Lucky for the woman in a pan-European TV campaign for Vauxhall's Opel Agila car, she left her important presentation in her car the night before. The spot opens as a woman, clad solely in a bed sheet, locks herself out of her home as she retrieves the morning paper. This is not a problem, for the woman simply zips through town, grabbing clothes off a clothesline, shoes from a dumpster and a flag from a passing parade. Couple this with her make-up application and hairstyle change, and our heroine makes it to the office on time, presumably giving a great presentation. Watch the ad here. A print ad positions the female-centric Opel Agila as a car capable of navigating through busy streets and hectic social lives. See the ad here. StrawberryFrog Amsterdam created the campaign and handled the media buy.
Phil Mickelson lets his sense of humor shine as he meets and brainstorms with his biggest fans in four TV spots for Crowne Plaza Hotels & Resorts. "A Meeting with Phil" uses unscripted banter between Phil Mickelson, golf commentator David Feherty and actual Mickelson fans. In "Advice," Mickelson listens to feedback on improving his golf game. Hitting the ball "straighter" and "farther" are some suggested ideas. See the ad here. Phil's biggest fans compete for attention in another ad, seen here. Spectators who've actually been hit by Phil's golf balls appear in a third ad. When a woman cops to being hit in the back as she was talking on her cell phone, Mickelson replies, "I feel slightly vindicated." Watch the ad here. My favorite ad features Mickelson doppelgangers describing the perks received when mistaken for the golfer. "Great seats at restaurants, better tee times" and, wait for it, "women," are thrown out, as the Asian Phil look-alike nods in agreement. See the ad here. Fallon created the campaign and handled media buy.
Cinco de Mayo is just around the corner, and Corona launched a TV spot commemorating the holiday. "Cinco" begins on a beach, (where else?) with a visual of a Corona Extra and lime. The camera follows a couple heading toward a beach party while the view of the Corona shifts to reveal five Coronas with limes on ice. The last bottle says Cinco on the label and melds into the tagline, "Happy Cinco de Mayo." See the ad here. Cramer-Krasselt created the campaign and handled the media buy.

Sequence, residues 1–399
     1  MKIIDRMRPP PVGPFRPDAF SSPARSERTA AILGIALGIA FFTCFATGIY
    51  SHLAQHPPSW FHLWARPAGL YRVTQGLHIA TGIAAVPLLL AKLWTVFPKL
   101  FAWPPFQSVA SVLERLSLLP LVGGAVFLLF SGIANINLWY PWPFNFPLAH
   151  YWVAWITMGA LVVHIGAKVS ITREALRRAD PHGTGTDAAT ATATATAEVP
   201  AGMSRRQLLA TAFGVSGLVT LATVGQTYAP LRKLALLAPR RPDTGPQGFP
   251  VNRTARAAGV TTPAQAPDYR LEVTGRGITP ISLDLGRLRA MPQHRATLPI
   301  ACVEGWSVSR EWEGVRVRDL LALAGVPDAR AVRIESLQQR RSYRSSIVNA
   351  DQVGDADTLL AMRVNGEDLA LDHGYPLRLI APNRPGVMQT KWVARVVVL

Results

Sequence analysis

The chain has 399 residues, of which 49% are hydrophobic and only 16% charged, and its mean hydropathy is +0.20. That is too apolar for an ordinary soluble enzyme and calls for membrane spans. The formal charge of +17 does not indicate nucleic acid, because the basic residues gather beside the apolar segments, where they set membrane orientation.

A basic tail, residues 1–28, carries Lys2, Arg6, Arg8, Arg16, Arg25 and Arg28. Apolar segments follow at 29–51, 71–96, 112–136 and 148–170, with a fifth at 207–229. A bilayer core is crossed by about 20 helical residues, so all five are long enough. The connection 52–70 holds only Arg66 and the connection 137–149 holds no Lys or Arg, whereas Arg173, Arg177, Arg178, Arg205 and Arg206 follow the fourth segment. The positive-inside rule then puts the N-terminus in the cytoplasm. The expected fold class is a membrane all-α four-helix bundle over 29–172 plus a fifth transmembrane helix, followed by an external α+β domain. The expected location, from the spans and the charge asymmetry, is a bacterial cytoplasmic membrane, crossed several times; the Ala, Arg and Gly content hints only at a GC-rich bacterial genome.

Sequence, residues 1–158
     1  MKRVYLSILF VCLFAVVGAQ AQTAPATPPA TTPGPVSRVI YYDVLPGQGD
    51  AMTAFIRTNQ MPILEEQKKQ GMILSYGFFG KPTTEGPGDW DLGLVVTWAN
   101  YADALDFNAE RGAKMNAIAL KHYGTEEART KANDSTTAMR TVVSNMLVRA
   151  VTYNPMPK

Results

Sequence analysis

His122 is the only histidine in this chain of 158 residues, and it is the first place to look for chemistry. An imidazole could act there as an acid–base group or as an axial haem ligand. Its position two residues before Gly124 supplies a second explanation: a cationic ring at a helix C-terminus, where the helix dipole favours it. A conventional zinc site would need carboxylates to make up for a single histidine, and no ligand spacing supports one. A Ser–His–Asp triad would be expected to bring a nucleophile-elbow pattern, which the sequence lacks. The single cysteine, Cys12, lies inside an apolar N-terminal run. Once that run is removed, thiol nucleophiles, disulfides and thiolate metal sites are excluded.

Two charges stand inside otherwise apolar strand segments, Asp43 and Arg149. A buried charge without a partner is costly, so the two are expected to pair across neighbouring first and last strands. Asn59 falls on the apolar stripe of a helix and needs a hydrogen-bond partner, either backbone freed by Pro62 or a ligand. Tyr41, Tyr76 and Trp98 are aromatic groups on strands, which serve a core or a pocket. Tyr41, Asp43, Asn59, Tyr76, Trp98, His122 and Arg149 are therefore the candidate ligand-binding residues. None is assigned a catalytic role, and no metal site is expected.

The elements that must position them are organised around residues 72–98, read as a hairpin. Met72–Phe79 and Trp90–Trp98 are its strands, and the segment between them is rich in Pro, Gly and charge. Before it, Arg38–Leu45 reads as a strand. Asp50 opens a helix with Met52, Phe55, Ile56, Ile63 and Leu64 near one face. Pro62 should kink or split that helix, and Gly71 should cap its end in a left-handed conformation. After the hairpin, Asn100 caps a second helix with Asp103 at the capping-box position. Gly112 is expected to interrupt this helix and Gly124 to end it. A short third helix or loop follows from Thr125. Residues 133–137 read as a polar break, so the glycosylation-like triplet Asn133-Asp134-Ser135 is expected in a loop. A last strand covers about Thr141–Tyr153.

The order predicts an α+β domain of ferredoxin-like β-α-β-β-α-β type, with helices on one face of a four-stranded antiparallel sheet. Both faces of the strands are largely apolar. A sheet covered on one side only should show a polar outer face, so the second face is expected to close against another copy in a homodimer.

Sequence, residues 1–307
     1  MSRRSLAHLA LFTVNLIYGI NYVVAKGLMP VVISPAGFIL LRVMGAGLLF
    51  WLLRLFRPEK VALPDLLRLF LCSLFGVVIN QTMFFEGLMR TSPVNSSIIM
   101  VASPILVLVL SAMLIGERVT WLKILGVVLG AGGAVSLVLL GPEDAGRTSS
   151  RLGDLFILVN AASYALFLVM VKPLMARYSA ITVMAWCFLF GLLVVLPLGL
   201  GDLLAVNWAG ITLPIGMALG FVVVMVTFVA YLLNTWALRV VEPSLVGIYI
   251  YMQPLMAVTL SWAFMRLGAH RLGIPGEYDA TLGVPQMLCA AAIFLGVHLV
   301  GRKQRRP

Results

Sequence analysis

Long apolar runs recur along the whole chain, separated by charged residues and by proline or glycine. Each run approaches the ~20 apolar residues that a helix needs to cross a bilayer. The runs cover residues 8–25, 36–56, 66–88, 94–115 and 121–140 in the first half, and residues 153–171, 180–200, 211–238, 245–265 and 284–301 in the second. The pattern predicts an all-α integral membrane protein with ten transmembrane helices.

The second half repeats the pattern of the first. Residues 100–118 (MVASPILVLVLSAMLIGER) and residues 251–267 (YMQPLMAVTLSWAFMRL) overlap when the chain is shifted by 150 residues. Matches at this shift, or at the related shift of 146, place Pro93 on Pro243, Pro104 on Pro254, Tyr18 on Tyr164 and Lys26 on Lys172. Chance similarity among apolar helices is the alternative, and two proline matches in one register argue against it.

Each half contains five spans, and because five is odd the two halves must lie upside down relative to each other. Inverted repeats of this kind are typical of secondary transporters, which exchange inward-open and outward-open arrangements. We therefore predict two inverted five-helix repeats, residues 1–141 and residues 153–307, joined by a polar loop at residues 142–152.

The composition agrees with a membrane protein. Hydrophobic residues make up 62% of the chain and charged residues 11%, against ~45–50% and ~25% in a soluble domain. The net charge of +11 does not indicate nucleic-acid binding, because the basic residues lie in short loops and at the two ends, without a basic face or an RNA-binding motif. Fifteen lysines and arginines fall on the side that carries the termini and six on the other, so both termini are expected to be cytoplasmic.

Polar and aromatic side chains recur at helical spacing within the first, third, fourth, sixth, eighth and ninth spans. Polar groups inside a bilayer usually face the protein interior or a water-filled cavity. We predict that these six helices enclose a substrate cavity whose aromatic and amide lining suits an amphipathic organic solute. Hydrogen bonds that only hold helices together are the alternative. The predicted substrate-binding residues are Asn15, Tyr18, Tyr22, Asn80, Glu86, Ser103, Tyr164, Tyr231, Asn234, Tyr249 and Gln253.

Last year, Stride gum created a series of 400-pound granite ads, placed in 10 locations around Boston. "Even our ads last forever," reads the copy chiseled into the 66" x 48" tablets. And it looks like the company created something that lasts longer than the much-hyped flavor of its gum: a geologist, taking into consideration Boston's average snowfall and rainfall, predicted that each poster will last until 4015, like cockroaches and Cher. See the ad here, created by JWT.Liberty Mutual launched "Journey" and "Music Notes," two TV spots that are running before and after "American Experience," a national PBS program. A young boy walks through a series of historic events, such as the first plane flight and the Titanic disaster, in "Journey." Click here to watch. In "Music Notes," a banjo plucks the tune "God Bless America" as various people and events are shown throughout history, creating music notes. Watch the ad here. Hill Holliday created the ads and media buying was handled in-house.